If $p$ is a good prime then $s \equiv t \equiv 0 \mod p$. If $p$ is not a good prime, then $s \equiv 0, t \equiv -1 \mod p$


Define the "~" (equivalency) as follows: two numbers $s \sqrt{2} + t$ and $u\sqrt{2} + v$ are equivalent if $s \equiv u$ and $t \equiv v \mod p$. Then we readily see that the following properties are easy to show:

$X \sim X$ (reflexivity).

$X \sim Y \iff Y \sim X$ (symmetry).

If $X \sim Y$ and $Y \sim Z$ then $X \sim Z$ (transitivity).

Given these three then equivalency divides all numbers in te form $s\sqrt{2}+t$ into equivalency classes. Furthermore we see that:

If $X \sim Y$ and $W \sim Z$ then $X+W \sim Y+Z$ and $XW \sim YZ$. It follows directly from the properties of modular arithmetics.

Now, if $p$ is a good prime, then note that $(\sqrt{2} + m)(\sqrt{2} + p-m) = (2-m^2 + pm) + p\sqrt{2} \sim 0$. Thus the product of all numbers in question is equivalent to zero.

If $p$ is not a good prime, it's a lot more complicated.

First we claim the following: given $X \nsim 0$, then there exists $Y$ such that $XY \sim 1$. We call this $Y$ the inverse of $X$.

Proof: Given a number $a\sqrt{2} + b$, first we define the number $r$ as follows: $r \in (0, \dots, p-1)$ such that $r(b^2-2a^2) \equiv 1 \mod p$.

This $r$ must exist, because $b^2 - 2a^2 \not\equiv 0 \mod p$, for otherwise we have $(ba^{-1})^2 \equiv 2 \mod p$, a contradiction.

Then consider the number $ar\sqrt{2}-br$. The product of this and $a\sqrt{2} + b$ is: $$(ar\sqrt{2}-br)(a\sqrt{2} + b) = (2a^2-b^2)r \sim 1$$

Then we prove the second claim: If $XY \sim 0$ then either $X \sim 0$ or $Y \sim 0$.


Let $X = a\sqrt{2}+b, Y = c\sqrt{2}+d$ then $XY = (bc+ad)\sqrt{2}+(2ac+bd) \sim 0$ so we have: $$bc+ad \equiv 0 \mod p$$ $$2ac+bd \equiv 0 \mod p$$ Assuming that both $X,Y$ are not equivalent to zero, either $c \neq 0$ or $d \neq 0$ because otherwise $Y \sim 0$. If $d \neq 0$ then: $$abc \equiv -a^2d \mod p$$ $$2abc \equiv - b^2d \mod p$$ $$\Rightarrow b^2d \equiv 2a^2d \mod p$$ $$(ba^{-1})^2 \equiv 2 \mod p$$ A contradiction. If $c \neq 0$ then we similarly show: $$abd \equiv - b^2c \mod p$$ $$abd \equiv -2a^2c \mod p$$ $$(ba^{-1})^2 \equiv 2 \mod p$$ Also a contradiction. (The assumption that $X \nsim 0$ is needed to take inverse of $a$)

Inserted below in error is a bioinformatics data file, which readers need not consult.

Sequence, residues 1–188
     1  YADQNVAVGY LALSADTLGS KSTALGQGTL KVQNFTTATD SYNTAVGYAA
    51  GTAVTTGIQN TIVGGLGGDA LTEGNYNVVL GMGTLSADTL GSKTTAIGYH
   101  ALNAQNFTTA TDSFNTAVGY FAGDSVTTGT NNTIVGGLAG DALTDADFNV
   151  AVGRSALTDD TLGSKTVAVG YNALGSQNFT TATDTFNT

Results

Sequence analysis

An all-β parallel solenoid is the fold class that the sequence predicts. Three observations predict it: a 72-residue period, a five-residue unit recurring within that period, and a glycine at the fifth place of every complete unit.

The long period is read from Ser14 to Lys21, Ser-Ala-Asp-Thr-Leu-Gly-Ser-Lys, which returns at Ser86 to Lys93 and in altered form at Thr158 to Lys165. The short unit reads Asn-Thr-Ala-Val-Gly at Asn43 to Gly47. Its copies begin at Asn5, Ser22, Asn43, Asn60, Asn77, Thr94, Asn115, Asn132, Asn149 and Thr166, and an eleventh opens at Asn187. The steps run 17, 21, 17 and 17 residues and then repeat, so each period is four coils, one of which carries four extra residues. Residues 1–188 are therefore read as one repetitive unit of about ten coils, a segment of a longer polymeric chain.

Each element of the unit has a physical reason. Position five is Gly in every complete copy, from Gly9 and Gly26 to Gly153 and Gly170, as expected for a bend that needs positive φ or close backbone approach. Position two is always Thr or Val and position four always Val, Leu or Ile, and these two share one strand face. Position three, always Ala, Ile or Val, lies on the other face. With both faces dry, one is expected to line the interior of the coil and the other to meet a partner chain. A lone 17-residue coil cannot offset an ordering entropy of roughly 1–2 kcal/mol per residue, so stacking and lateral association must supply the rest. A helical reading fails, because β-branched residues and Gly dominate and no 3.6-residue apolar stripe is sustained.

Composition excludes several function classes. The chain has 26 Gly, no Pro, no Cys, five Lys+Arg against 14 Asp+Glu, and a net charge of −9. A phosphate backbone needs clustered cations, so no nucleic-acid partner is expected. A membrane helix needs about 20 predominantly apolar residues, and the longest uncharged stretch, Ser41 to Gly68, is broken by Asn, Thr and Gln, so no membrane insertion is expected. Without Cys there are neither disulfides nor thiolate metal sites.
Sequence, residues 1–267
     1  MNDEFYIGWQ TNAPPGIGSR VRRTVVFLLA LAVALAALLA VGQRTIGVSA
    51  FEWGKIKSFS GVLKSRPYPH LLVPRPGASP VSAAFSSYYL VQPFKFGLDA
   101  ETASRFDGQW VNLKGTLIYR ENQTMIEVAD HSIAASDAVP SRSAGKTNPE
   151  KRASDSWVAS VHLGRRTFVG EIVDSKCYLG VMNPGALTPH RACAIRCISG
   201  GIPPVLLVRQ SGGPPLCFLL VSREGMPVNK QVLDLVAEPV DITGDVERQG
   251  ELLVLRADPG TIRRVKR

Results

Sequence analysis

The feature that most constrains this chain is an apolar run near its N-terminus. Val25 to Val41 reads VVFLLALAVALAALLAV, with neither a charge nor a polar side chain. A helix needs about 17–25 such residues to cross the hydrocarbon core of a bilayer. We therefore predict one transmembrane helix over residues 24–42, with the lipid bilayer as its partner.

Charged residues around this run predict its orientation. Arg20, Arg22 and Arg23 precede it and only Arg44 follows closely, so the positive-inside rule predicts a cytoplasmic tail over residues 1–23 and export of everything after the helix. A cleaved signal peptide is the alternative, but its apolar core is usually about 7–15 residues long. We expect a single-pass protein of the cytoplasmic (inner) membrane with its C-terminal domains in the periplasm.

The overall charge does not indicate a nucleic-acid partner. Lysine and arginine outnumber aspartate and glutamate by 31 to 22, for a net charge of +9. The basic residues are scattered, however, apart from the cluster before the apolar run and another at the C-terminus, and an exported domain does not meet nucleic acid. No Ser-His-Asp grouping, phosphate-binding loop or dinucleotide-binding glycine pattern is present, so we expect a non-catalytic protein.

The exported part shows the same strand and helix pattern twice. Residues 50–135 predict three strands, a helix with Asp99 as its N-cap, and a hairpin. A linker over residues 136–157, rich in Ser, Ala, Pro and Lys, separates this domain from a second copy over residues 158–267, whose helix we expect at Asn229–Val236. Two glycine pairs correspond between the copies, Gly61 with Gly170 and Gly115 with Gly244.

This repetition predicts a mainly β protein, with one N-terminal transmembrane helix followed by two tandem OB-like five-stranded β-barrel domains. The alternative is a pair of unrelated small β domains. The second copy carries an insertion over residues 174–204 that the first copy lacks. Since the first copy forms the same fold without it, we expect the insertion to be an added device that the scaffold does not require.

So based on the second claim, we now assert that each number in the problem statement has an inverse, and the inverse is unique. For if $XY \sim XZ \sim 1$ then $X(Y-Z) \sim 0$ so $Y \sim Z$. This means that a lot of pairs among those numbers would multiply 1. The only numbers left are those who are inverses with itself. To find such numbers, note the following:

$$X^2 = 2ab\sqrt{2} + (2a^2+b^2) \sim 1$$ $$\iff ab \equiv 0, 2a^2+b^2 \equiv 1 \mod p$$ If $a \equiv 0$ then $b^2 \equiv 1$, so $p$ divides $b^2-1 = (b+1)(b-1)$. The only possible $b$ are $1, p-1$, and these numbers are in the problem statement.

If $b \equiv 0$ then $2a^2 \equiv 1$ which means $2 \equiv (a^{-1})^2 \mod p$, a contradiction.

So the only numbers who don't "cancel out" with other numbers are 1 and -1, and they're included in the final product. Thus the product of all those numbers is $\sim -1$.